Same Sex Marriage Debate - Counselling Newsletter

Same Sex Marriage Debate - Counselling Newsletter

Published: 11 October 2017

Have you heard about the same-sex marriage postal vote? With so many people talking about the issue, you might feel isolated or confused by everything you’re hearing. During this time, it’s important to remember to look after yourself and to ask for help if it becomes too overwhelming.

In light of all the emotional distress being caused by the protracted and harmful debate surrounding marriage equality, ACON has put together these resources to help everyone within our communities, particularly younger members who often find themselves most vulnerable to hate speech. See the Stay Strong PDF flyer

What's the deal?

The government is going to run a voluntary postal vote by the public (not a compulsory plebiscite) to see how many Australians support marriage equality. The postal vote will take place between September and November 2017, unless the High Court finds either that the government isn’t authorised to spend the money needed to conduct the vote, or that the Australian Bureau of Statistics doesn’t have the authority to collect the information.

The ballots will be sent out from 12 September. Australians are strongly encouraged to return their forms by 27 October, with a final return date of 7 November. The result will be announced on 15 November. The question the public will be asked to respond to will be: 'Do you support a change in the law to allow same-sex couples to marry?' Following the announcement of the vote, there has been an increase in negative conversations and opinions on same-sex marriage, especially in the media.

How can this debate affect me?

The discussion around whether same-sex relationships are legally equal to heterosexual ones can bring up distressing and negative emotions. You should never be made to feel that you are less than anyone else. And you shouldn’t have to put up with being bullied about your opinions, gender identity or sexuality at university, in your workplace or anywhere else.

How to look after yourself

If you’re a member of the LGBTQI community, remember, you are not alone. Eighty-one per cent of young people aged 18–24 support marriage equality (Galaxy 2012). Approach LGBTQI services and counsellors if you want additional support.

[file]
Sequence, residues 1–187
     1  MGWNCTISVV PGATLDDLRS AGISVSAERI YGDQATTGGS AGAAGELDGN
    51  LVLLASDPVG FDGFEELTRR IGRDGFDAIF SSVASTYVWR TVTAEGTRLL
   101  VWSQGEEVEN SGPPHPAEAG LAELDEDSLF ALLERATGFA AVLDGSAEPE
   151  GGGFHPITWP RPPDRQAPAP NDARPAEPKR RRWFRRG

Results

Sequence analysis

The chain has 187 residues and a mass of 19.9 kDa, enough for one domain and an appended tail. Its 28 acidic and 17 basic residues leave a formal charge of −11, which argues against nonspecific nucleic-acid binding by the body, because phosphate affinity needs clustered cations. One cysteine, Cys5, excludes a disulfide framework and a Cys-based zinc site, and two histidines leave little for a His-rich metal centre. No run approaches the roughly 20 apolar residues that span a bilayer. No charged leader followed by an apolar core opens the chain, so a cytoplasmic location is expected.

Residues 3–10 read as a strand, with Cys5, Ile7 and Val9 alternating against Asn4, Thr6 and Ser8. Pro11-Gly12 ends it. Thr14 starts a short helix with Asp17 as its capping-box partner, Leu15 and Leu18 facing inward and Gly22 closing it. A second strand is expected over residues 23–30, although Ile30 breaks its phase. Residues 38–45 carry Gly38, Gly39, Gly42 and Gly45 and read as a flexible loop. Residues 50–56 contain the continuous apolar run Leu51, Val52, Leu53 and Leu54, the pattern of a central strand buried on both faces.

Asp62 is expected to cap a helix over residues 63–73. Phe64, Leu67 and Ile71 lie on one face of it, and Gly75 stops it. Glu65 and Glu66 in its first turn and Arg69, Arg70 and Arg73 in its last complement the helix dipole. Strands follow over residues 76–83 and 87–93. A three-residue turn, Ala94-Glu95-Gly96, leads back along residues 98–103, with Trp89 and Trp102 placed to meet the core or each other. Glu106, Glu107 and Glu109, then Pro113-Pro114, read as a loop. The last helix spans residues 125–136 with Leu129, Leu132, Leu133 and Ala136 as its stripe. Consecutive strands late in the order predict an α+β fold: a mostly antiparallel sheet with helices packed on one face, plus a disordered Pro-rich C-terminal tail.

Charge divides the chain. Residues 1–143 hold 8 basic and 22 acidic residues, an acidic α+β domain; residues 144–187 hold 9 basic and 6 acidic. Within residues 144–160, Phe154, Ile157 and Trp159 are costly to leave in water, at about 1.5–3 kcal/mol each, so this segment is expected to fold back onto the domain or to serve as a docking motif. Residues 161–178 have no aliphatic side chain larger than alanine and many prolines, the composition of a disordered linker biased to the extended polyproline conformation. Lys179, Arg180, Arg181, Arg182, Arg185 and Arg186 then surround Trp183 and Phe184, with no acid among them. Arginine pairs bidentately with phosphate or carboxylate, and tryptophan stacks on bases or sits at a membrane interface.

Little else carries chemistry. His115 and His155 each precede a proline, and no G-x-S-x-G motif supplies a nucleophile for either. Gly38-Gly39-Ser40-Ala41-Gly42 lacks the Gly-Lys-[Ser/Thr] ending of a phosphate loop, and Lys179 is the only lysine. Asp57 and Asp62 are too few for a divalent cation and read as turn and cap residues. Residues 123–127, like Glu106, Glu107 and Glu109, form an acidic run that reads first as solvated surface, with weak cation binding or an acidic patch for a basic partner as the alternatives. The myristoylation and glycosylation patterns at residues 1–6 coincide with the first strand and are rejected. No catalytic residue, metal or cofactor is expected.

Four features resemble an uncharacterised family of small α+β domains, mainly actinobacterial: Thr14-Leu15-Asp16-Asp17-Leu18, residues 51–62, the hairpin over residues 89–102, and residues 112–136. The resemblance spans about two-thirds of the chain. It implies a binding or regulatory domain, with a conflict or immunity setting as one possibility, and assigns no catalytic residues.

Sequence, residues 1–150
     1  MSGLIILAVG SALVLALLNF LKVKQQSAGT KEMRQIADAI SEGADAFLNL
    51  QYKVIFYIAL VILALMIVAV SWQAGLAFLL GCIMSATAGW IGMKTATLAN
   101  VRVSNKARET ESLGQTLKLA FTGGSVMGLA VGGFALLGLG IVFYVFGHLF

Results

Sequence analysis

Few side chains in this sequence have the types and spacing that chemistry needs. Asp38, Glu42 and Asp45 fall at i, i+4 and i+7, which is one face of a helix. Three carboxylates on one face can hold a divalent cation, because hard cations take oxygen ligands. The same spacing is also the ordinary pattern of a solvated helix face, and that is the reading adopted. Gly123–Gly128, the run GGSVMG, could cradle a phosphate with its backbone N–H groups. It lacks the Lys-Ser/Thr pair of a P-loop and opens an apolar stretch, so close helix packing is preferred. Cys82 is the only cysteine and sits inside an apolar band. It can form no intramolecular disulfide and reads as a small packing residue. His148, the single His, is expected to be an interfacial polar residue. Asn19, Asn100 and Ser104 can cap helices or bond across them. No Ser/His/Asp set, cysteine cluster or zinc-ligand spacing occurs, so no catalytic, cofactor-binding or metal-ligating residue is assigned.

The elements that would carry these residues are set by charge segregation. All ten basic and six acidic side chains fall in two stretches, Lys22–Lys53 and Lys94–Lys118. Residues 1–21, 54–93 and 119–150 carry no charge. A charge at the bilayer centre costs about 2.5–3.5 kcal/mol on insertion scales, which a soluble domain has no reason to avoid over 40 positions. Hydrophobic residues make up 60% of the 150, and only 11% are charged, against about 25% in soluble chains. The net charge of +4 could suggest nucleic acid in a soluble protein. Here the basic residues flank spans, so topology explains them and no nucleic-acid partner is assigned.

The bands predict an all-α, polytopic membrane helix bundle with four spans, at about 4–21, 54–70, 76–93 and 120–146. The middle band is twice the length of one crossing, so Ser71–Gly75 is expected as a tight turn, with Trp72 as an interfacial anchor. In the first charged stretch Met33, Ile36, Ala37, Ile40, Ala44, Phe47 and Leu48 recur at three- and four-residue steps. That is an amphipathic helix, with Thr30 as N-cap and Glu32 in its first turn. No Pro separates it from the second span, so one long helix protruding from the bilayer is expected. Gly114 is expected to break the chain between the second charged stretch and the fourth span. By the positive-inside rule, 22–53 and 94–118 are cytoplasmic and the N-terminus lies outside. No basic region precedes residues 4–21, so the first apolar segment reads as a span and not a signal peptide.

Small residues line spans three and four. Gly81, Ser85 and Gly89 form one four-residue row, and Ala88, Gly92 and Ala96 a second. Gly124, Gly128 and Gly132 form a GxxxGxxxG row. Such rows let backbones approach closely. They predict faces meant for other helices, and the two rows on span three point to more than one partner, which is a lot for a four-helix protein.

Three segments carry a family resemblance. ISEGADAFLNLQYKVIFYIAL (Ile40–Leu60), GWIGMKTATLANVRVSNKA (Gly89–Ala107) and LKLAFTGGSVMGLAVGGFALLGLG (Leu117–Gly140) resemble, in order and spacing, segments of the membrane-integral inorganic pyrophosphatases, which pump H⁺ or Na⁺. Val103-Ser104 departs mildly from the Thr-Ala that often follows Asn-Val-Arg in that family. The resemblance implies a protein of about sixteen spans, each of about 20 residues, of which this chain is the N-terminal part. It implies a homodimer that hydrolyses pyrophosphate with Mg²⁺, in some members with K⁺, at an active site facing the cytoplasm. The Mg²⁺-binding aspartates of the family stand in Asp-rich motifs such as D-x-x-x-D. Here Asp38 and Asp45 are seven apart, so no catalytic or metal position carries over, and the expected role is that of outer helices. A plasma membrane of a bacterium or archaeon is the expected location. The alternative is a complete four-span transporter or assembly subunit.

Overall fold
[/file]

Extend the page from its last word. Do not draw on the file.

• Look after yourself if you get involved in the debate. While you shouldn’t feel pressured to do so, volunteering your time to the cause (by sharing or handing out flyers) can be a good way to feel a part of what’s going on and to connect with other like-minded people. Be sure to listen and debate respectfully and keep yourself emotionally and physically safe.
  • Monitor your social media. If your Facebook feed starts to get cluttered with abusive voices, feel free to unfollow any people and publications whose views you find disrespectful. If you start getting overwhelmed by the amount of information, consider taking a break from all the media coverage.
  • Practise self-care. When anything tough is going on, it’s important to take care of yourself, because that can be when we’re most vulnerable. Take time out to socialise and to do things you enjoy; eat healthily, take some exercise and get enough sleep; and practise relaxation techniques if you’re feeling stressed.
  • Talk to someone you trust. You don’t have to bottle up your feelings. Sharing them with a parent, trusted friend or counsellor can help if you’re feeling isolated and alone. Tell your trusted support person how they can help you. Maybe you only need them to listen to you in a non-judgemental way, to help you find relevant support services or to check in regularly to see how you’re doing. If you have same-sex parents, remember that other people’s opinions don’t change how your parents feel about you or how much your family loves you.
  • Remember that you’re not alone. The LGBTQI community is incredibly resilient, strong and courageous.


If you have experienced discrimination or abuse it is really important that you let someone know. It is not something you have to live with on your own. You can speak to a counsellor at CAPS or call Twenty10 on (02) 8594 9555 (10am – 6pm Monday to Friday) or The Gender Centre Inc on (02) 9519 7599 (9am – 12pm, 1 – 4.30pm, Monday to Friday)

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